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Otuba, Moses, 2012. Alternative management regimes of Eucalyptus : policy and sustainability issues of smallholder eucalyptus woodlots in the tropics and sub-tropics. Second cycle, A2E. Uppsala: SLU, Dept. of Forest Products



A literature review on the alternative management regimes of eucalyptus; policy and sustainability issues of smallholder eucalyptus woodlots in the tropics and sub-tropics was carried out in autumn, 2011. The aim of the study was to review alternatives to the traditional management regimes under which smallholders in these areas produce eucalyptus and policies in Kenya affecting this production. Meta study was used to collect information to assess the differences in understory plant species between eucalyptus species and other commonly used tree species. It was reviled that weeding at establishment, incorporation of rice and beans, N and P fertilization and slash residue management have the potential to increase the mean annual increment of eucalyptus species depending on site and climate conditions. However, understory species diversity was less in these alternative management regimes compared to the traditional practices. The number of understory plant species in the plantations of eucalyptus species was in general higher compared to that in stands of other commonly used plantation tree species. Thus, it cannot be concluded in line with other studies that eucalyptus does in general decrease biodiversity in the under growth as compared to other commonly used plantation tree species in the tropics and subtropics. Policies in Kenya prohibit establishment and production of trees, in particular eucalyptus, in wetlands or nearby water bodies, levy land tax promote co-generation of energy and give a special consideration to indigenous trees. Legislation and policies of different sectors related to trees and forest work to achieve and maintain forest cover of at least 10% of Kenya’s total land area and work against processes and activities that endanger the environment. However, the same legislation may lead to a decrease in tree production and forest cover in Kenya as it limit farmers possibilities to plant and produce trees and in particular eucalyptus. It is argued that this will affect smallholders as small woodlots, in most cases consisting of eucalyptus, serve to cover many of their important needs. In general, it can be concluded that much as these alternative management regimes enhance productivity of eucalyptus woodlots, the challenge for the small-scale farmers is how to manage them sustainably. Therefore, forest policies that take consideration of increasing production of eucalyptus and managing biodiversity with reference to these alternative management regimes should be developed in Kenya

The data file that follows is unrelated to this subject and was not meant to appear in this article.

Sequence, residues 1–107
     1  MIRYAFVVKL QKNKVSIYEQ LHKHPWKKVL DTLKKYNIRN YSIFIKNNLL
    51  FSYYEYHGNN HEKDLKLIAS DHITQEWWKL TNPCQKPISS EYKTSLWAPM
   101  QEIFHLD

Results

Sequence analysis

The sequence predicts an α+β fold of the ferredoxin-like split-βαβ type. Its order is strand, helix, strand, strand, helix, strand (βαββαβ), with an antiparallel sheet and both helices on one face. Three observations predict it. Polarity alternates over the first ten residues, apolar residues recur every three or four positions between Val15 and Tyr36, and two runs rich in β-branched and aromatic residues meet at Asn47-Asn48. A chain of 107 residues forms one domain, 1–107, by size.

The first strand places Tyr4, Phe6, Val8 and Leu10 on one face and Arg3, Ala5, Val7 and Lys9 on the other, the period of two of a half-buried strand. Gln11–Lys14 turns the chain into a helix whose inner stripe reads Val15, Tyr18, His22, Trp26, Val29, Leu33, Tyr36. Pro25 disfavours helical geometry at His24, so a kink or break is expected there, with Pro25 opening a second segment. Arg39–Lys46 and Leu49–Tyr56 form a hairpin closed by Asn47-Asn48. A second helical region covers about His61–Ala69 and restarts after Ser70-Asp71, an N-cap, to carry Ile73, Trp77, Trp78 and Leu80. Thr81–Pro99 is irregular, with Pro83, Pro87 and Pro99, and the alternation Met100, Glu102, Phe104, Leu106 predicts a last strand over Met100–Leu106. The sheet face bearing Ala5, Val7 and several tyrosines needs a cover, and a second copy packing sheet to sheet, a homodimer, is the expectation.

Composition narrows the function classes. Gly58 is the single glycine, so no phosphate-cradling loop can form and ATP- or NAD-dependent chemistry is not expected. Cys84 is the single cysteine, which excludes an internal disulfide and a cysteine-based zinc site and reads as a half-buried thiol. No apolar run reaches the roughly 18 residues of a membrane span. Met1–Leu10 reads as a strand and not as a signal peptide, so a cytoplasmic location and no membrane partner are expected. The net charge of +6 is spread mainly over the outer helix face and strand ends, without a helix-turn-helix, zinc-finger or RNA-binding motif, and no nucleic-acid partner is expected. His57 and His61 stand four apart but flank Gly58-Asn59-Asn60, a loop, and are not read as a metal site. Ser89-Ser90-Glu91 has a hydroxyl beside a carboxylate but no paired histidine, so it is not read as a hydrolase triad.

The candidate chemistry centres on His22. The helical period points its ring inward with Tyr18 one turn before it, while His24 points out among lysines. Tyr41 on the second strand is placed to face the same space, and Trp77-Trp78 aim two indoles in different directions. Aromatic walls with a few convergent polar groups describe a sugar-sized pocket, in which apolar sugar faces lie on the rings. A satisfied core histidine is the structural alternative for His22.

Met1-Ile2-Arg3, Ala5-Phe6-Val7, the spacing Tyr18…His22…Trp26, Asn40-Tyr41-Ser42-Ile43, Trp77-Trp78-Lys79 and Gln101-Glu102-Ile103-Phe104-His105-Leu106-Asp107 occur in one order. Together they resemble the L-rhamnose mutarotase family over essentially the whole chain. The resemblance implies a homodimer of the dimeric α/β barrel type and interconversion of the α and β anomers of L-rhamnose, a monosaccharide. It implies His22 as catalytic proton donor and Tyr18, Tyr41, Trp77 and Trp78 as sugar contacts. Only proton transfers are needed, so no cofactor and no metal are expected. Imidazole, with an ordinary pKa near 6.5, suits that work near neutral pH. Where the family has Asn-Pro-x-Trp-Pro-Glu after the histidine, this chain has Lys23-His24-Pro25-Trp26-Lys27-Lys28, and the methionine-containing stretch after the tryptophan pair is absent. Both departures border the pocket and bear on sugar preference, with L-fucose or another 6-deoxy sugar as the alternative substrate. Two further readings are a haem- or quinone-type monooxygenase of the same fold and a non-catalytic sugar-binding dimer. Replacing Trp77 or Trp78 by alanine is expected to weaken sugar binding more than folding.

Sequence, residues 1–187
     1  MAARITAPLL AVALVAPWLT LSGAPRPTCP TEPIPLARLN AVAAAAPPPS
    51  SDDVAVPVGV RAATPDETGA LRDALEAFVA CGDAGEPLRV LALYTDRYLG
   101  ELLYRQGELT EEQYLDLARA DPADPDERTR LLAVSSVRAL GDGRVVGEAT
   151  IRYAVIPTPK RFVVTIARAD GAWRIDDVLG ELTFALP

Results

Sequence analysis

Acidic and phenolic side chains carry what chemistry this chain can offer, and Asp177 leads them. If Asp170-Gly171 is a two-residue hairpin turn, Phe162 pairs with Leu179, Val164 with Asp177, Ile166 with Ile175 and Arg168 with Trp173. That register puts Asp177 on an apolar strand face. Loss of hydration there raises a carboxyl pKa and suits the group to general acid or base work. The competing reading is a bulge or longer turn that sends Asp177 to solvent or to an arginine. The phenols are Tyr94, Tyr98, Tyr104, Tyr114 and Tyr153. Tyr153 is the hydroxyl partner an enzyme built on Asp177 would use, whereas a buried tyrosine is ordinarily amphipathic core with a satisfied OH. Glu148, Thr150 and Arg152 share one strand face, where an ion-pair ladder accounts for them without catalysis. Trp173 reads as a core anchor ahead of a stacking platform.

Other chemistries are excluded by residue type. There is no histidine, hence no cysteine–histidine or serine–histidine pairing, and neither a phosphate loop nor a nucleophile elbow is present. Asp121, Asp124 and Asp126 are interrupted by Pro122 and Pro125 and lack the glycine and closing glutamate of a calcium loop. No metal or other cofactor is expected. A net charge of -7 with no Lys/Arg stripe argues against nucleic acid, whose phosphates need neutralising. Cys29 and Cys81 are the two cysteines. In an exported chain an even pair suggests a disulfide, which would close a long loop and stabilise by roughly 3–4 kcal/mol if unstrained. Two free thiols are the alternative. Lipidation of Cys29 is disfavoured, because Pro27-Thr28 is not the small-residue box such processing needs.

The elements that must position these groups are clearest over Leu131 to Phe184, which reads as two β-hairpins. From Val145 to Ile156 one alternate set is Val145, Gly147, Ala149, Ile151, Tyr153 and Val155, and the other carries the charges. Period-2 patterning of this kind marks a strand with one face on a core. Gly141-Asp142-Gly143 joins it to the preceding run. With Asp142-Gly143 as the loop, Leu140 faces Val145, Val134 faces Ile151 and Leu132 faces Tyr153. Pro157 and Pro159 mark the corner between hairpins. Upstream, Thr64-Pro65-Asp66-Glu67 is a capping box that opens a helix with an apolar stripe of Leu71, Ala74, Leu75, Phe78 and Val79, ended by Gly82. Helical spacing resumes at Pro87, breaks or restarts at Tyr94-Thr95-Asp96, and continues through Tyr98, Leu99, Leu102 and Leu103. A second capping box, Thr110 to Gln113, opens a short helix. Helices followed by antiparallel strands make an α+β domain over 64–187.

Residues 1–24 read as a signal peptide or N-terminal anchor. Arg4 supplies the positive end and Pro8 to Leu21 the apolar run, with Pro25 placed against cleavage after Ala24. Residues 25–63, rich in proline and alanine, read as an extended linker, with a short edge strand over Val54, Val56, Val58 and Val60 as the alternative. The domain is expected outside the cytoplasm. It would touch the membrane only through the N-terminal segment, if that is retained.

Main title:Alternative management regimes of Eucalyptus
Subtitle:policy and sustainability issues of smallholder eucalyptus woodlots in the tropics and sub-tropics
Authors:Otuba, Moses
Supervisor:Johansson, Karl-Erik
Examiner:Nylund, Jan-Erik
Series:Master thesis (SLU, Department of forest products)
Volume/Sequential designation:90
Year of Publication:2012
Level and depth descriptor:Second cycle, A2E
Student's programme affiliation:Other
Supervising department:(S) > Dept. of Forest Products
Keywords:management regimes, production, understory, eucalyptus, nitrogen- fixing tree species, policies, legislations, smallholders, tropics, sub-tropics
Permanent URL:
Subject. Use of subject categories until 2023-04-30.:Agricultural economics and policies
Forestry production
Additional Information: Forest as Natural Resource - Master's Programme
Deposited On:13 Jun 2012 09:33
Metadata Last Modified:12 Sep 2012 06:39

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